Bixler memorial scholarship honors passion for learning and teaching
As his dad tells it, Sam Bixler ’10 was always a very curious kid who excelled at basketball, lacrosse, and football. But it wasn’t until Ohio Wesleyan that things really “clicked.”
“He really came into his own, he flourished,” says Matt Bixler ’78. “He was passionate about history, he really loved it, and he turned into a voracious reader.”
Sam also found a home with the Battling Bishops football team. He played strong side linebacker and made all-conference one game. Mike Hollway, who coached for 25 seasons including Sam’s, helped recruit Sam to follow in his parents’ footsteps in coming to OWU.
Sam’s mother, Kim Potter Bixler ’77, of Glen Falls, New York, died Dec. 13, 2017, after a long struggle with Parkinson’s disease. Her two sisters also attended OWU, as did Matt’s sister and brother-in-law.
Sam was walking home one night in Cambridge, Massachusetts, in January 2018 when he was struck by a car. He passed away Feb. 14 as a result of his injuries. He was 29.
To honor Sam’s love of history and encouragement of students, as well as his own family legacy at OWU, Virginia Craighead ’72 and Michael Brooks ’71, friends of Sam’s parents, established the Sam Bixler ’10 Memorial Scholarship in April.
“He had a passion to share what was working for him, which was excelling academically, in sports, and in life. He wanted to pass that on to other kids, and he was doing that when he died,” says Matt. Sam was working on his master’s degree in education policy and leadership studies from Boston University.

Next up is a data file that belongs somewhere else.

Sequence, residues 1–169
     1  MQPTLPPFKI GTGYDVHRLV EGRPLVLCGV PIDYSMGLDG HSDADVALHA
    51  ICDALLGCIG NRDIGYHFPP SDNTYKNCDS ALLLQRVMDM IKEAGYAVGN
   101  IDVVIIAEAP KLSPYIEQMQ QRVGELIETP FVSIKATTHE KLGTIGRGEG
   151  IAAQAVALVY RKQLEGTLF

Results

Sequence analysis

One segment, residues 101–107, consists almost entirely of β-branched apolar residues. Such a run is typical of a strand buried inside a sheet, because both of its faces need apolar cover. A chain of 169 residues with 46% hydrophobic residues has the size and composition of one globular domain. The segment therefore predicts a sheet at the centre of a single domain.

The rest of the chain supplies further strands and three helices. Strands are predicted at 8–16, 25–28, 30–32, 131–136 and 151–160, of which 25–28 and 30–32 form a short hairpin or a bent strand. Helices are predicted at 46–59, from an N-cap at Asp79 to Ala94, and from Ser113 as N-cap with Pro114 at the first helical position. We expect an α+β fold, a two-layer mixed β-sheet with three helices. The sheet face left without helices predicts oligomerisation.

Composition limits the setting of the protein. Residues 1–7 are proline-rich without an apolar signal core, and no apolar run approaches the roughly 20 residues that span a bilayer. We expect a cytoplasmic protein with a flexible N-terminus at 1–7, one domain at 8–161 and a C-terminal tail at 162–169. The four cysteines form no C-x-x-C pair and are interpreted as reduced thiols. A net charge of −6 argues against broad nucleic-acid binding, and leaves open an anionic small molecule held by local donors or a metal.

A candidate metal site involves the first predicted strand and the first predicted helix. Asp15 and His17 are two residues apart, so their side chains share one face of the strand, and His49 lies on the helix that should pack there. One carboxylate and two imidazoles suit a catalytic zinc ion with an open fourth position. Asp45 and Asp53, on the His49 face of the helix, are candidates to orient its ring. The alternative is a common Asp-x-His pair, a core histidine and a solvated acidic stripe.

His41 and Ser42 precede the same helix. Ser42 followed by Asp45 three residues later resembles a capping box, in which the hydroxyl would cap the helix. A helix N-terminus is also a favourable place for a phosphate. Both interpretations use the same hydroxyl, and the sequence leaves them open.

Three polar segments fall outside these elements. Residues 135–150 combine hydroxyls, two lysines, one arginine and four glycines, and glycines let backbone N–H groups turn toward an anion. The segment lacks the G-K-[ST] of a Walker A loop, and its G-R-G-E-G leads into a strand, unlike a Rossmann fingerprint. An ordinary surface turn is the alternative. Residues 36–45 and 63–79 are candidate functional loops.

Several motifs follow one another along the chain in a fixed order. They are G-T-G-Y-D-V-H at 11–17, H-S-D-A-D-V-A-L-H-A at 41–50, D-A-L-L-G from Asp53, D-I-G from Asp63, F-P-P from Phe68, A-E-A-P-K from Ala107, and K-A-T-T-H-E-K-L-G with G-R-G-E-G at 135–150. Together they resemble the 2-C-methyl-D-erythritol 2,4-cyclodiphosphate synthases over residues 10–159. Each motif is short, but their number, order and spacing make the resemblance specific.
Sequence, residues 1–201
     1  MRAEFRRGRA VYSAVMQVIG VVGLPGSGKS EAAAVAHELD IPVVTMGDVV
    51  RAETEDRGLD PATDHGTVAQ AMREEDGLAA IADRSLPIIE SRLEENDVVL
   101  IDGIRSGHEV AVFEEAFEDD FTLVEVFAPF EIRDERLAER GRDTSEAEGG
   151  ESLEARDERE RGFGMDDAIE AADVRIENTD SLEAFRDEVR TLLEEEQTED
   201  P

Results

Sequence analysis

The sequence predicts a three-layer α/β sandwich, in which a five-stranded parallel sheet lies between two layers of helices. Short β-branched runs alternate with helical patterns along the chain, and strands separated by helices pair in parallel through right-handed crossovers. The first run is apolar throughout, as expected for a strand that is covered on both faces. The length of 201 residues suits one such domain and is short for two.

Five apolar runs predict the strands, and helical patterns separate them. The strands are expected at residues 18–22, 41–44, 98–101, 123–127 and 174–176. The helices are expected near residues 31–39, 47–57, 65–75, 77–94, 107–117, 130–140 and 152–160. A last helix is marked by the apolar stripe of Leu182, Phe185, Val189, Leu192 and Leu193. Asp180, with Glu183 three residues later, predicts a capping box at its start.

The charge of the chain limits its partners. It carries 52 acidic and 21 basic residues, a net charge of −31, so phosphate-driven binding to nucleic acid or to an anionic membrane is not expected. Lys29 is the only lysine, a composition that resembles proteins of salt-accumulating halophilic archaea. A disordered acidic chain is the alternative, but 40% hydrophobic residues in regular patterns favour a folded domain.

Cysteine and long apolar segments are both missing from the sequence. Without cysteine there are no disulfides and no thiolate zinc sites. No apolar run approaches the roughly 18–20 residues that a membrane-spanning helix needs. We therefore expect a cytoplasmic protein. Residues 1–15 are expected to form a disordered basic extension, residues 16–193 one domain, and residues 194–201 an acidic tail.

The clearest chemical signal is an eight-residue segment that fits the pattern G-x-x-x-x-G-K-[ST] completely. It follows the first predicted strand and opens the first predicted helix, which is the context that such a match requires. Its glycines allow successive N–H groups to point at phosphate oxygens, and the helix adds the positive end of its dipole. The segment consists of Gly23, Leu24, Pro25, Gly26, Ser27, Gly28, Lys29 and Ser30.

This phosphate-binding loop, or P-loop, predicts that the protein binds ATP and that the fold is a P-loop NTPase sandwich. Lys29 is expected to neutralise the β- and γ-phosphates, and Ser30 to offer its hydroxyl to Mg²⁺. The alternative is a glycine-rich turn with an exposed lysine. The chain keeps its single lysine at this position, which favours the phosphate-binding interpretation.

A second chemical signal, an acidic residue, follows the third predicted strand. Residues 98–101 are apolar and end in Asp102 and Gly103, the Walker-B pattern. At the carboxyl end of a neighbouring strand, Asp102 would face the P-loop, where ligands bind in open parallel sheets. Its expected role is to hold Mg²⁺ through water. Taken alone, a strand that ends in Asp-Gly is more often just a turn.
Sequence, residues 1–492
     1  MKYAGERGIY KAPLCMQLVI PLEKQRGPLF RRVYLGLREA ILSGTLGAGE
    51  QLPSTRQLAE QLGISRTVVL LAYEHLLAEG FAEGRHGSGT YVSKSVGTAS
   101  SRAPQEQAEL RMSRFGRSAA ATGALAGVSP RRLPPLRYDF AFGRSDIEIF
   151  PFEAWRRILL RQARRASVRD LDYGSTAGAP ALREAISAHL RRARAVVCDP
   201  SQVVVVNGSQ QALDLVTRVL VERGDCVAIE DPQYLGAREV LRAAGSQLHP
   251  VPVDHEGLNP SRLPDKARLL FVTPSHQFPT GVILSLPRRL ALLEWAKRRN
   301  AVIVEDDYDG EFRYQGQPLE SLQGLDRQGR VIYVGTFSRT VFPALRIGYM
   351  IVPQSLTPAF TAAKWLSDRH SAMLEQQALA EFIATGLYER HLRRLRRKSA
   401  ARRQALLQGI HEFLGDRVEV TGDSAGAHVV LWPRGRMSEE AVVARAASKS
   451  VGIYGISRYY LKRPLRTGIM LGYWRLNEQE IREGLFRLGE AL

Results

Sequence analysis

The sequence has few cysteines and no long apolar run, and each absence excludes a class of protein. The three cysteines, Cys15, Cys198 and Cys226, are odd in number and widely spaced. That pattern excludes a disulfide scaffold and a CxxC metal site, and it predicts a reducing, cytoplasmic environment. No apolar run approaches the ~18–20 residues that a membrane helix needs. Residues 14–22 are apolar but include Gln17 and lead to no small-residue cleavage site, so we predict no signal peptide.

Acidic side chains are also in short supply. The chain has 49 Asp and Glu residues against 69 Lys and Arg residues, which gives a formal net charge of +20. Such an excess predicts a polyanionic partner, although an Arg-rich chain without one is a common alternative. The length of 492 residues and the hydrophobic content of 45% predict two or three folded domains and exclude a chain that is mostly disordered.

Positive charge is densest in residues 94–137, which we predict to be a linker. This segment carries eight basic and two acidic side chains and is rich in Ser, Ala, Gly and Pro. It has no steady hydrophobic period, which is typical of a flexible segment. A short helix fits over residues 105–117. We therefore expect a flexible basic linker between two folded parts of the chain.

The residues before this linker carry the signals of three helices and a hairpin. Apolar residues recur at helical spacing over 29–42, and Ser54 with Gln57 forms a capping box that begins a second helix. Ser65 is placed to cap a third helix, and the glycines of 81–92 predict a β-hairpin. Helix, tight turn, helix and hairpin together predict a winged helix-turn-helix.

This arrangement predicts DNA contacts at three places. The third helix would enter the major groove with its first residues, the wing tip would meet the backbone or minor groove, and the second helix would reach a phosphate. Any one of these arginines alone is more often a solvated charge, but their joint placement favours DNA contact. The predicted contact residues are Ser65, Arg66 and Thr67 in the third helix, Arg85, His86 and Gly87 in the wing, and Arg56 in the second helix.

Sam and his sister, Meredith, both attended public school in Denver. Their high school was a magnet school for international students and refugees, with more than 30 countries represented among the student body. “Very early on he decided he wanted to teach young people,” Matt says.
After graduating from OWU, Sam worked for Boys & Girls Club in Denver, then later at AmeriCorps in Lawrence, Massachusetts, then at Cambridge Rindge and Latin School (CRLS) in Cambridge, Massachusetts, as an advanced-placement history and social studies teacher in 2017.
“I found out at the celebration of life event held in his honor at the high school that he drew a lot of kids into his classes, kids that normally wouldn’t try out for AP classes. They wanted to hear it from Sam. He had this way of being with kids,” says his dad.
Matt recalls that a CRLS faculty leader said Sam was “beyond good — he was one of the greats.” In an article in Cambridge Day about Sam, Julian Knight, an 11th-grader at CRLS, called him “an amazing teacher and extremely kind to everyone.”
Says Matt: “We are all saddened by the loss of our dear Sam, but grateful for the amazing impact he had on others during his short life. This is a tribute to him as well as OWU.”